Figure 1.

Estrogen‐inducible and dominant negative versions of BSAP. (A) Transactivation potential of the BSAP–ER, ΔBSAP–ER and full‐length BSAP proteins in SP2/0 cells. The expression plasmids pKW2T (empty vector), pBSAP, pBSAP–ER and pΔBSAP–ER (2 μg each) were electroporated into the plasmacytoma cell line SP2/0 together with the reporter gene luc–CD19 (5 μg) and the reference CMV–CAT gene (0.1 μg; transfection efficiency control). The transfected cells were divided in two halves, and one pool was treated with 1 μM β‐estradiol (E2) for 24 h prior to harvesting. Luciferase activities of three independent transfection experiments were normalized to measured CAT activities and are shown as average values relative to the basal activity observed with the pKW2T vector alone. (B) Repression of BSAP‐dependent transactivation by the paired domain polypeptide PRD. The plamids luc–CD19 (5 μg), CMV–CAT (0.1 μg) and pBSAP (0.5 μg) were transfected into RAC65 cells together with increasing amounts of the expression vector pPRD (0.2–2 μg). Normalized luciferase activities of three independent experiments are shown as values relative to the basal expression level of the luc–CD19 gene (in the absence of BSAP). (C) Schematic representation of the different BSAP constructs. The full‐length BSAP protein (amino acids 1–391; Adams et al., 1992) is shown together with its domain structure. The abbreviations for the different domains are: PRD, paired domain (DNA‐binding motif); OP, conserved octapeptide; HDH, homeodomain homology region; TA, transactivation domain; ID, inhibitory domain. The polypeptide PRD consists of amino acids 1–145 of BSAP linked to the SV40 nuclear localization signal (NLS; Kalderon et al., 1984). The BSAP–ER protein was generated by fusing BSAP at its C‐terminus to the hormone‐binding domain (HBD) of the human estrogen receptor (hER) (Superti‐Furga et al., 1991). The amino acids joining the two proteins are shown together with the respective amino acid positions of the two proteins. The DNA‐binding function of the paired domain was inactived by deletion of 105 amino acids in construct ΔBSAP–ER. The reporter gene luc–CD19 contains three copies of the high‐affinity BSAP‐binding site CD19‐2 (A‐ins) upstream of a TATA box and the luciferase gene (Czerny and Busslinger, 1995).

The paired domain is known to lack any transactivation function (Dörfler and Busslinger, 1996), and hence we investigated whether the paired domain polypeptide PRD (Figure 1C) is able to act as a passive repressor by competing away full‐length BSAP from a BSAP‐responsive promoter. For this purpose, increasing amounts of the PRD expression plasmid were transiently transfected together with a constant amount of the BSAP expression vector into RAC65 embryonal carcinoma cells where transcription of the reporter gene luc–CD19 could be stimulated 18‐fold by BSAP (Figure 1B). This BSAP‐dependent transactivation was efficiently blocked, even at low concentrations, by the PRD polypeptide (Figure 1B). Hence, the PRD protein can antagonize functional BSAP in transient transfection experiments.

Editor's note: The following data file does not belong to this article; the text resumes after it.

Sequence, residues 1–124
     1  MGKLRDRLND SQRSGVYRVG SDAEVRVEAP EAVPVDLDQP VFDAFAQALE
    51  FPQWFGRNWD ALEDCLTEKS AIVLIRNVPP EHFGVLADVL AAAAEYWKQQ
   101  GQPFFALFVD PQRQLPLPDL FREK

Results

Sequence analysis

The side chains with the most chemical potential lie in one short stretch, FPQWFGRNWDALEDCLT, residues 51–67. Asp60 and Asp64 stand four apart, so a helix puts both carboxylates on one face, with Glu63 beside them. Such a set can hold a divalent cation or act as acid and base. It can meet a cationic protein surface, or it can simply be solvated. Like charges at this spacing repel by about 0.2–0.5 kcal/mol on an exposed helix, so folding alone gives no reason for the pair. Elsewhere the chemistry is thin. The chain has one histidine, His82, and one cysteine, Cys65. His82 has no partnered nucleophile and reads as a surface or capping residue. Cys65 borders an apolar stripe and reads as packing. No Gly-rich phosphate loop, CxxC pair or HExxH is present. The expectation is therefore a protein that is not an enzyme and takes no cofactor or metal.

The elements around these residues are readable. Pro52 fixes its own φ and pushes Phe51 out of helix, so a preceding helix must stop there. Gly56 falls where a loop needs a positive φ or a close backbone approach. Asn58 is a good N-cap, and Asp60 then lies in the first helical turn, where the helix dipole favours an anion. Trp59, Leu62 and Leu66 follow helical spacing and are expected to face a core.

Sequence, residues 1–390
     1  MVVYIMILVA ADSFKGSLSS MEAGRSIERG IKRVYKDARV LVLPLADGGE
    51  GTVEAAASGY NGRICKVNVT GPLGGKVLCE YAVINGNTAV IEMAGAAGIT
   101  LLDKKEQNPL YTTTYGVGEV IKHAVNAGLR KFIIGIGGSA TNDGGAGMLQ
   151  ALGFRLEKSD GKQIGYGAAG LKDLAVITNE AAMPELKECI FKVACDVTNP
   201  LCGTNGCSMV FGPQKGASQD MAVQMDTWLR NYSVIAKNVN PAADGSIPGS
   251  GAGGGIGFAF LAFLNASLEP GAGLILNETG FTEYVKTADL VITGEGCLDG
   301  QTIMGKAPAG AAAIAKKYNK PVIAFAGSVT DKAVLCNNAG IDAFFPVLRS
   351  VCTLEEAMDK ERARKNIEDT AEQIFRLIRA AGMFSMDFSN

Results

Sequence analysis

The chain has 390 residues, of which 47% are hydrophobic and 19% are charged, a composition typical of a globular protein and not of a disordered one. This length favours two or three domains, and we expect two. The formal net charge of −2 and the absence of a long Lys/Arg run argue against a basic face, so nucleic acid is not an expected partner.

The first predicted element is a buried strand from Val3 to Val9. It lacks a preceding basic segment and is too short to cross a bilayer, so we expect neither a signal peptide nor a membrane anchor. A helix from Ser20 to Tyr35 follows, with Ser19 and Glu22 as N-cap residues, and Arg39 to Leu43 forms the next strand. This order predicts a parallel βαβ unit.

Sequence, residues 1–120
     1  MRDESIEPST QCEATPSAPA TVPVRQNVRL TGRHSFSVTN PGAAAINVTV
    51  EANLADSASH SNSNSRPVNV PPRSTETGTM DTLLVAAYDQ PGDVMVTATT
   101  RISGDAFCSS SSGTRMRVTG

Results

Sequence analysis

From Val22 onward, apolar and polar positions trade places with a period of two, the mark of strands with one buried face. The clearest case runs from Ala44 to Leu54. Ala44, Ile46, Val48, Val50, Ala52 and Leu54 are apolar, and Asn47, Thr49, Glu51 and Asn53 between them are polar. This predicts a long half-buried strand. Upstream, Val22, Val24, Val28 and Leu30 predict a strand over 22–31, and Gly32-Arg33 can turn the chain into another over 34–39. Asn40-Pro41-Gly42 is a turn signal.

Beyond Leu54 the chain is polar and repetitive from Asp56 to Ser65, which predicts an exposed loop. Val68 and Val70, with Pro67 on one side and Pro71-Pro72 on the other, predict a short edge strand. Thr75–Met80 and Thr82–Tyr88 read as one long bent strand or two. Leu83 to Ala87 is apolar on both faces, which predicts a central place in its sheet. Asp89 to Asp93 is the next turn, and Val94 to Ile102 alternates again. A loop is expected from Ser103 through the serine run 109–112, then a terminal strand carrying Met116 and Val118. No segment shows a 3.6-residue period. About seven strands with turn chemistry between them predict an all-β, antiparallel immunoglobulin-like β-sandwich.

To study the potential of BSAP and its derivatives BSAP–ER, ΔBSAP–ER and PRD to regulate the transcription of endogenous genes, we infected cultured pre‐BI cells from Pax‐5‐deficient bone marrow (Nutt et al., 1997) with retroviral vectors coding for all four proteins. The resulting cell pools were analyzed for the expression of the different BSAP proteins by electrophoretic mobility shift assay (EMSA). To simplify the nomenclature of the different cell lines, we refer to the Pax‐5‐deficient pre‐BI cells expressing BSAP, BSAP–ER and PRD as KO–BSAP, KO–BSAP–ER and KO–PRD cell lines. As shown by the DNA‐binding assay in Figure 2A, the KO–BSAP cell line #2 and the KO–PRD cells expressed the BSAP proteins at levels comparable with that of wild‐type pre‐BI cells, while BSAP expression was 10‐fold lower in a second KO–BSAP cell pool (#1). As the absence of a functional DNA‐binding domain prevents detection of the ΔBSAP–ER protein by EMSA analysis, we measured expression of the fusion proteins by intracellular staining with a polyclonal anti‐BSAP antibody (Adams et al., 1992) followed by flow‐cytometric analysis. As shown in Figure 2B, the expression level of the fusion proteins in KO–BSAP–ER and KO–ΔBSAP–ER cell lines was similar to that of BSAP in wild‐type cells. Moreover, the expression of the BSAP–ER protein was rather homogeneous within each cell population, which was also confirmed by immunohistochemical analysis with the same anti‐BSAP antibody (Figure 2B). In contrast, the BSAP expression level displayed a high degree of heterogeneity among individual cells of the KO–BSAP pool #2, as shown by flow‐cytometric and immunohistochemical methods. This heterogeneous expression pattern was maintained in KO–BSAP cells despite strong antibiotic selection. As expected, the endogenous and retrovirally expressed BSAP proteins were localized in the nucleus (Figure 2B). In contrast, the estrogen receptor fusion protein was predominantly retained in the cytoplasm in the absence of ligand (Figure 2C) and was only efficiently transported to the nucleus upon estrogen treatment (Figure 2B). These data indicate therefore that the transcriptional inactivity of BSAP–ER is partially determined by its cytoplasmic sequestration in the absence of hormone.